The Quadrantid meteor shower peaked on the 3rd of January. It’s the redheaded stepchild of astronomy, overshadowed by its siblings the Geminids and Perseids. 2014’s shitty weather, and a fat moon, drowned out their show. Then again, meteor showers rarely match the expectations of mainstream news where breathless puppetheads declare this time it’s going to be spectacular. Sometimes they’ll interview Neil deGrasse Tyson to lend an air of legitimacy while reading the latest wire dispatches.
When showers disappoint, a few aerolite iconoclasts raise a ruckus as they blaze through our skies with booms echoing over the Earth.
On January 11th, Japan bore witness to a remarkable fireball.
Two days later, something rattled the windows in upstate New York. Some lucky ducks saw a bright flash as an object1 entered our atmosphere. Astronomers are saying this event sounds a lot like a meteor.
Meanwhile in Europe, there are numerous reports of a bright green fireball seen over Belgium, the Netherlands, and the UK on 18th of January. Heck, it was captured on video too!
Since Chelyabinsk was blindsided last year, there’s an expectation the Big One™ is due any time now.
It’s almost as if humanity has a death wish, and that’s a bad thing.
Take the findings of Dr. Masaru Emoto, gaining notoriety in 2004’s What The Bleep Do We Know? with inquiry into the concept of mind-over-matter. Emoto’s focus was on positive thinking, allegedly demonstrating thoughts and intentions can affect the physical world. Take his controversial rice experiment where two containers of cooked rice were labelled with “ありがとう” (Arigato, or thank you) and “ばかやろう” (Baka yaro, or you fool/fuck you). Students who participated in the experiment said the phrases every day as they passed the samples, and the disparity between them is striking.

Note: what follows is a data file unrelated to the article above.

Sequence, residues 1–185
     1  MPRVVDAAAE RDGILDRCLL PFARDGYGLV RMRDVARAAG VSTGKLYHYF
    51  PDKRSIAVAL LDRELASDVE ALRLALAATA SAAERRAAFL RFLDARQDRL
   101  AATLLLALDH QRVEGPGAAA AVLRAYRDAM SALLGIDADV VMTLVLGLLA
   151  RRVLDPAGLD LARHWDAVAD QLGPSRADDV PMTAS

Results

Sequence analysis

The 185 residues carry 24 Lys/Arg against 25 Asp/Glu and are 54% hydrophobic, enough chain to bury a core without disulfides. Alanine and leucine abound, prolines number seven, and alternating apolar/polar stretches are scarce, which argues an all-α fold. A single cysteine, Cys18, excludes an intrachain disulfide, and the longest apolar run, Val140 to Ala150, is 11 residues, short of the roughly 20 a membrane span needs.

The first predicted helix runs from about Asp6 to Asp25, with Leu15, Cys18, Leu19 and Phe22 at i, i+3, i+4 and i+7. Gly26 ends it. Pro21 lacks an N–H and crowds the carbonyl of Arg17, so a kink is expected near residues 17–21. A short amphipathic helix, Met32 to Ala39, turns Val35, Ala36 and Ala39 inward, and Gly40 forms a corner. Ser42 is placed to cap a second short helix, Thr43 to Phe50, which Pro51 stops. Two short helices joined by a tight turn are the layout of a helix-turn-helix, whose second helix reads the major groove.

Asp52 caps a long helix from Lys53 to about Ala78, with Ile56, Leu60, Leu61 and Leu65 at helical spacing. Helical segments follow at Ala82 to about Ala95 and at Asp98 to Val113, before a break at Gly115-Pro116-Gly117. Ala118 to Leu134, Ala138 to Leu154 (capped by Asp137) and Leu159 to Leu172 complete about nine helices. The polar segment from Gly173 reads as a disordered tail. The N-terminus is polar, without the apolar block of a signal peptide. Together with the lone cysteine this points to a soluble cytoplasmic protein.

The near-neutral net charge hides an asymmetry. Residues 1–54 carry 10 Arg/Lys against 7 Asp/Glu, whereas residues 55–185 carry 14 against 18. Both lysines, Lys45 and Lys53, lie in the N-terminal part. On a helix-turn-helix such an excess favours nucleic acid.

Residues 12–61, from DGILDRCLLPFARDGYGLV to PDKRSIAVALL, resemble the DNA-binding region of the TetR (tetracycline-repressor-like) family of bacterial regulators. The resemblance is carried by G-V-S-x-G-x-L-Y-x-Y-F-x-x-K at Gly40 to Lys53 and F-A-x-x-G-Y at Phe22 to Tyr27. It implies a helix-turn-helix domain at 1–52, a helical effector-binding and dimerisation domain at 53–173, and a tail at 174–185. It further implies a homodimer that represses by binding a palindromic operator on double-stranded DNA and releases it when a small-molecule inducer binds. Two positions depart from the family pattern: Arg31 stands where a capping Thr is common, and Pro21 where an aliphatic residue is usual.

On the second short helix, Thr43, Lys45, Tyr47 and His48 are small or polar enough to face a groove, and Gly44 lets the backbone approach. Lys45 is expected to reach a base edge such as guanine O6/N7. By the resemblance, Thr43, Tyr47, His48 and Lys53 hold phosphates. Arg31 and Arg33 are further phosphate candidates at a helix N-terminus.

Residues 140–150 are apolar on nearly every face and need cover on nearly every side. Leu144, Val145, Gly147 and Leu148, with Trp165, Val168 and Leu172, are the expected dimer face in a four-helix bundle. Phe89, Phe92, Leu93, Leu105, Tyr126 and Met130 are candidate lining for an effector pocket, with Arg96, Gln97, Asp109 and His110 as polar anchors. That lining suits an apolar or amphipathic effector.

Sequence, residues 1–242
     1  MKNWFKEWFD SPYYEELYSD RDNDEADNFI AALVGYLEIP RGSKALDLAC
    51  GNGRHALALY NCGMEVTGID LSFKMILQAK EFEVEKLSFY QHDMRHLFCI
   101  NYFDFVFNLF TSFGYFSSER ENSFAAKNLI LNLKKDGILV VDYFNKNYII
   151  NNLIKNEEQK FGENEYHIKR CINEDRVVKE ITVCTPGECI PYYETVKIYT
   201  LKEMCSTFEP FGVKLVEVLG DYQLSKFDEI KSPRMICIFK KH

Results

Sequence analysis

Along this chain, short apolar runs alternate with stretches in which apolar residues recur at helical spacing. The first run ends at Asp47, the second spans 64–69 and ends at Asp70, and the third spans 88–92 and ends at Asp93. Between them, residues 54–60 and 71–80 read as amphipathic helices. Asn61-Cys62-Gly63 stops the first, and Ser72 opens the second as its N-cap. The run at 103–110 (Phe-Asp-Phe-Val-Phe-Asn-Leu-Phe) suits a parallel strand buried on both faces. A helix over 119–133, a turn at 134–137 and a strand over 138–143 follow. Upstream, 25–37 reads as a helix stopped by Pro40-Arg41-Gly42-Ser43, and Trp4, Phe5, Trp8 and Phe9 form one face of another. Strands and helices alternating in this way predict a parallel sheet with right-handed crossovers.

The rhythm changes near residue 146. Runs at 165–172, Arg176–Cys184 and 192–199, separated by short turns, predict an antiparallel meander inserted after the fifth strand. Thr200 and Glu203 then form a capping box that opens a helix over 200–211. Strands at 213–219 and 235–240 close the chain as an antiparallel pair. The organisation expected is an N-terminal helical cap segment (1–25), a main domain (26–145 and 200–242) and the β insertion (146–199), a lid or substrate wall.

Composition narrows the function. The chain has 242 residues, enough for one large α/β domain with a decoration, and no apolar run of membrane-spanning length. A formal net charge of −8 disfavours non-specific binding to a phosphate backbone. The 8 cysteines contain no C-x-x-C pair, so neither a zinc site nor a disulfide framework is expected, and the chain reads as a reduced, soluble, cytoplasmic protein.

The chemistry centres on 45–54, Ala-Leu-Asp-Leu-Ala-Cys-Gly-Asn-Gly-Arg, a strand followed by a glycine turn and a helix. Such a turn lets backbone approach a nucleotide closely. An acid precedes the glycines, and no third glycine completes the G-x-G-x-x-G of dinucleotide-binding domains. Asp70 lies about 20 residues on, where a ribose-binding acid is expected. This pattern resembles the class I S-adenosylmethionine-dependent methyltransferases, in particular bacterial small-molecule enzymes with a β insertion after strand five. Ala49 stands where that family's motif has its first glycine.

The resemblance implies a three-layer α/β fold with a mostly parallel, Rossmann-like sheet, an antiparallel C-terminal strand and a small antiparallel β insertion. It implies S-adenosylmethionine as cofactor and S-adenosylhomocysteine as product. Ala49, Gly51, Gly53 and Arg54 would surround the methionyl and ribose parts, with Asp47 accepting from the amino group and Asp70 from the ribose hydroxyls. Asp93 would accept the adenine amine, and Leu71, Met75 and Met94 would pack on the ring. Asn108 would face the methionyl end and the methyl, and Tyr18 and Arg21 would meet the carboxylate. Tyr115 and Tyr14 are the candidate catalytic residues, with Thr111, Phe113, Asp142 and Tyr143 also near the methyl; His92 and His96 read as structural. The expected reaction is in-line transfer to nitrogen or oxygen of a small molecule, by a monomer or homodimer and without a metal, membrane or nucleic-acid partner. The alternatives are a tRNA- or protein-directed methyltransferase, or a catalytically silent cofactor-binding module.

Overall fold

Another study, featured in CSICOP’s Skeptical Inquirer, revealed a decade-long study showing people make their own luck in the world2. Just look at the irrepressible optimism of Ronald Wilson Reagan3, from his declaration of “It’s morning in America”, to his credo “Nothing is impossible”. Consider Arnold Schwarzenegger, latter day will-worker, declaring he would be Hollywood’s number one star, explaining his methodology. “It’s the same process I used in bodybuilding,” he explained. “What you do is create a vision of who you want to be, and then live into that picture as if it were already true.4 ”
If people want something, consciously or subconsciously, they can make it happen. Whether it’s putting faith in magical love philters, rohypnol, or just taking a shower then asking a chick to stargaze with you on a warm spring night, a person’s will can have considerable effect on the material world. For example, graphs related to Princeton Engineering Anomalies Research’s Global Consciousness Project hint the human mind has agency with inanimate objects.
To accelerate a 500 ton asteroid 20 meters a second over 20 days, requires the exertion of five newtons. That’s equal to the force exerted by a human finger briskly typing an article. Imagine seven billion humans suffering from asteroid anxiety, thanks to constant media bombardment about the end of the world as we know it. A contribution of 7.14×10^-10 newtons by each earthlings’s consciousness, unimaginably tiny and (to the best of my knowledge) not easily measurable, could alter the future of our species.
I’m not advocating sticking our heads in the sand, nor would I expect anyone to seriously consider eschewing conventional approaches to preventing extinction-level impacts. Just it’s time to turn off the news, cancel your Google alerts, and head outside to enjoy yourself since life’s just too short.
Maybe shorter than you think.